Before registration, existing substances must be notified to the Ministry of Environment (MoE) in advance to benefit from the grace periods. The pre-notification period will start on January 1, 2019, and end on June 30, 2019. This pre-notification will require the company’s information, substance name, volume, classification, and end uses. During this time of pre-notification, one can manufacture or import the pre-notified substances without full registrations. A S. Korean-based OR shall be appointed for foreign manufacturers who import chemical substances that require pre-notification or registration.
In Taiwan, the full legislature passed on December 21, 2018, a bill amending the Toxic Chemical Substance Control Act (TCSCA). As reported in our 2018 Forecast, in 2017, the Taiwan Environmental Protection Administration (Taiwan EPA) proposed and approved revisions to the TCSCA. The changes were sent to the national legislature for review in 2017 and expected to be adopted in 2018, but instead were forwarded to the Social Welfare, Health, and Environmental Protection Affairs Committee (Committee) for review. In 2018, during the Committee’s review, the Committee revised the bill to include the creation of a National Chemical Substances Control Board. Under the legislation, the Board will be tasked with policy related to chemical substances; decision-making; and cross-ministerial policy coordination. The Committee also revised the legislation to strengthen the toxic chemical disaster response and reporting systems and improve the insurance and liability provisions. Under the bill, the TCSCA will be renamed the Toxic and Chemical Substances of Concern Control Act. A rider to the legislation calls for Taiwan EPA to draft a bill within one year to regulate the existing chemicals manufactured, imported, and used in Taiwan. Once the legislation is signed into law, Taiwan EPA is expected to review over 30 subordinate laws and proposed updates as necessary.
As reported in Acta’s May 11, 2018, Global Regulatory Update, Taiwan EPA notified the WTO of proposed amendments to the regulations regarding the registration of new and existing chemical substances on March 31, 2018. The major amendments include designating the first 106 priority existing chemicals (PEC) that will be subject to the registration of existing chemical substances. The proposed amendments were expected to be promulgated by the end of 2018. Taiwan EPA planned to adopt the amendments almost a year earlier, with registration for the PECs beginning January 1, 2019, and annual reports on the volumes of PECs sold due in 2019. The delay means that registration will begin July 1, 2019, and the annual reports will be due in 2020instead of 2019. The list of PECs is available in the English translation submitted to WTO.
Vietnam has spent several years developing a National Chemicals Inventory that will list existing chemicals in commerce in Vietnam. The first draft Inventory, released by the Ministry of Industry and Trade (MOIT) in 2016, contained approximately 3,000 chemical substances, while the most recent draft National Chemical Inventory, released in September 2018, contains over 31,000 chemical substances. Once MOIT issues a final National Chemicals Inventory, chemicals not included on the list will be considered new, and companies will be required to conduct an assessment and register the new chemical before import or manufacture.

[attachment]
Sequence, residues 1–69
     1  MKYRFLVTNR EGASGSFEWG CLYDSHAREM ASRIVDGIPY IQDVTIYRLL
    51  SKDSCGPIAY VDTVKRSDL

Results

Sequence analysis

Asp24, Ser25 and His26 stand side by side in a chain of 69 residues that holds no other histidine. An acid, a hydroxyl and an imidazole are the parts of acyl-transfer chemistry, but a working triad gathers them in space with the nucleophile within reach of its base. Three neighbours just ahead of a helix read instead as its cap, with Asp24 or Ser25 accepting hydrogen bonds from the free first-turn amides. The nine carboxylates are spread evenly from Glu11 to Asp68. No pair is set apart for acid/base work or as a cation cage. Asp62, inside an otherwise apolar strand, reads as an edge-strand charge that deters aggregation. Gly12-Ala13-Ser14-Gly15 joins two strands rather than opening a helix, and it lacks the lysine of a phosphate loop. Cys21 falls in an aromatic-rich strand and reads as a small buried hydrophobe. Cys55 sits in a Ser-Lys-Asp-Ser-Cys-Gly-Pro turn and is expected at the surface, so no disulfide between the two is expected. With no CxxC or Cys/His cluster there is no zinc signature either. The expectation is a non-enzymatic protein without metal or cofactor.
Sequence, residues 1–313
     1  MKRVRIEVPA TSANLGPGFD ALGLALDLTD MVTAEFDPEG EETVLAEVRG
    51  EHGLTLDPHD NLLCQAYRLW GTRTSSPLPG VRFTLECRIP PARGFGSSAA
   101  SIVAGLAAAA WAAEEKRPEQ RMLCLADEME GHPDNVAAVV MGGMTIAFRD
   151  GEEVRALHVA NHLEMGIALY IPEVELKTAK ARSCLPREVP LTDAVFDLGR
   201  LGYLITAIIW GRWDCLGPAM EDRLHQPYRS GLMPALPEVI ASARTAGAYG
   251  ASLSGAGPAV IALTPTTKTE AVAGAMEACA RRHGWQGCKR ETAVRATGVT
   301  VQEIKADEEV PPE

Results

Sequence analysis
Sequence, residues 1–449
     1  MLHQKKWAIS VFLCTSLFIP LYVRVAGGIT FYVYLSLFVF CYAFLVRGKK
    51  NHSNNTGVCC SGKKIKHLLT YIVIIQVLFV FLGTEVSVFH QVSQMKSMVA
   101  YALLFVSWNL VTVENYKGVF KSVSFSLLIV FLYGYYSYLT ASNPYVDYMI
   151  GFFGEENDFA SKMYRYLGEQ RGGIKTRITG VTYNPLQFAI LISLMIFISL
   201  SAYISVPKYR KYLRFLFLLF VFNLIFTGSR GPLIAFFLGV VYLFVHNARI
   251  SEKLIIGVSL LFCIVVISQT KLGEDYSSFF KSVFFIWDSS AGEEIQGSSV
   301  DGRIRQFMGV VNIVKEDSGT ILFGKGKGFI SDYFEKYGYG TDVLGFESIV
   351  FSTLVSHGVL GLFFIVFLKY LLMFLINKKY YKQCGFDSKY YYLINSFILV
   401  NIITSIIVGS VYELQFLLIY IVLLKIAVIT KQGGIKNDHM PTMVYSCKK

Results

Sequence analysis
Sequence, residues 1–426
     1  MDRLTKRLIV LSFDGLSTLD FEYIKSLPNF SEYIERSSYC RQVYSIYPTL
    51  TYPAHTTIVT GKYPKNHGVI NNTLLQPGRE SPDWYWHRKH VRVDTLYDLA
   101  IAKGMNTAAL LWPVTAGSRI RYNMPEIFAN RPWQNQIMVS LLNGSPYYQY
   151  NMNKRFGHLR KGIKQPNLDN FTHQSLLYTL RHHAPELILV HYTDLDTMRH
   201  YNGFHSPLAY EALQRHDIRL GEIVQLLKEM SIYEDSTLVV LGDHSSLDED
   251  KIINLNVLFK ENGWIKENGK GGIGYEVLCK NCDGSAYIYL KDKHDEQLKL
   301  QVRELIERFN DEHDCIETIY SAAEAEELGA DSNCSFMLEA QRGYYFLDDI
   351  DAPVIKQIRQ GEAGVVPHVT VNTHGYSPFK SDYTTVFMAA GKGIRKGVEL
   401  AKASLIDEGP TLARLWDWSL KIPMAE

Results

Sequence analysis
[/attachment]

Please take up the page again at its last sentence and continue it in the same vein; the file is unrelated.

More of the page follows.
In 2017, Vietnam replaced a number of regulations under the Law on Chemicals with Decree No. 113/2017/ND-CP specifying and providing guidelines for implementation of certain articles of the Law on Chemicals and Circular No. 32/2017/TT-BCT clarifying the Law on Chemicals and Decree No. 113/2017/ND-CP. Decree No. 113/2017/ND-CP, which took effect November 25, 2017, lists chemicals that are:
- Subject to conditional production or import (Appendix I);
- Restricted from production or trade (Appendix II);
- Prohibited (Appendix III);
- Required to have incident prevention and response plans (Appendix IV); and
- Subject to mandatory declaration (Appendix V).
Circular No. 32/2017/TT-BCT, which took effect December 28, 2017, includes information on the classification and labeling of chemicals and guidance on compiling SDSs, as well as declaring imported chemicals. In 2019, Vietnam intends to continue with administrative reforms and improve the permit system for chemicals. Vietnam will also review the implementation status of the Law on Chemicals since its adoption in 2007.
2. GHS Initiatives
2019 is not expected to bring significant changes to GHS within the region. Summaries of some specific changes to GHS in the region are provided below.
In Japan, the government launched the GHS Inter-ministerial Committee. This committee began to exchange information to establish GHS-related domestic laws, promote the classification of substances in Japan, and implement the GHS classification of substances requiring a SDS under the Pollutant Release and Transfer Register (PRTR) Law, the Industrial Safety and Health Law (ISHL), and the Poisonous and Deleterious Substances Control Law (PDSCL). The National Institute of Technology and Evaluation (NITE) also provides GHS classifications performed by relevant Japanese Ministries in accordance with GHS Classification Guidance for the Japanese Government. The NITE list was last updated in May of 2018. 2019 is not expected to bring any significant changes to Japan’s approach to GHS.
2.2 The Philippines
2019 will see the completion of GHS implementation in the Philippines. Philippines Joint Administrative Order No. 1 of 2009 (JAO) established the coordinated effort to implement GHS. Eight governmental agencies that are part of the JAO are required to implement GHS. The Department of Environment and Natural Resources (DENR) issued a draft order in 2009 with expected transitions in various stages for industrial chemicals. The DENR Administrative Order No. 2015-09 was issued in May of 2015. Implementation is phased, with mixtures to be completed by 2019. The implementation is criteria-based according to Revision 3 of the UN model. No hazard classes or categories appear to have been excluded.